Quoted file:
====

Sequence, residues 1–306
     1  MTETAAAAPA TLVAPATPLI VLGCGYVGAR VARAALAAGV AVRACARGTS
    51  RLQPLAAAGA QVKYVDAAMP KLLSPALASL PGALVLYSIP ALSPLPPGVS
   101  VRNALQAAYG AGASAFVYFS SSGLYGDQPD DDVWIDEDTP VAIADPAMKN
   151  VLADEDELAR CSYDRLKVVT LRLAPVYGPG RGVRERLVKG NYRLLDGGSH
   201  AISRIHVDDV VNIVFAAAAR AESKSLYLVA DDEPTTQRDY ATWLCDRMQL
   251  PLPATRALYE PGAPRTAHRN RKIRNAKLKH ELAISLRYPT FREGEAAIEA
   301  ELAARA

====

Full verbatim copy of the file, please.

Sequence, residues 1–306
     1  MTETAAAAPA TLVAPATPLI VLGCGYVGAR VARAALAAGV AVRACARGTS
    51  RLQPLAAAGA QVKYVDAAMP KLLSPALASL PGALVLYSIP ALSPLPPGVS
   101  VRNALQAAYG AGASAFVYFS SSGLYGDQPD DDVWIDEDTP VAIADPAMKN
   151  VLADEDELAR CSYDRLKVVT LRLAPVYGPG RGVRERLVKG NYRLLDGGSH
   201  AISRIHVDDV VNIVFAAAAR AESKSLYLVA DDEPTTQRDY ATWLCDRMQL
   251  PLPATRALYE PGAPRTAHRN RKIRNAKLKH ELAISLRYPT FREGEAAIEA
   301  ELAARA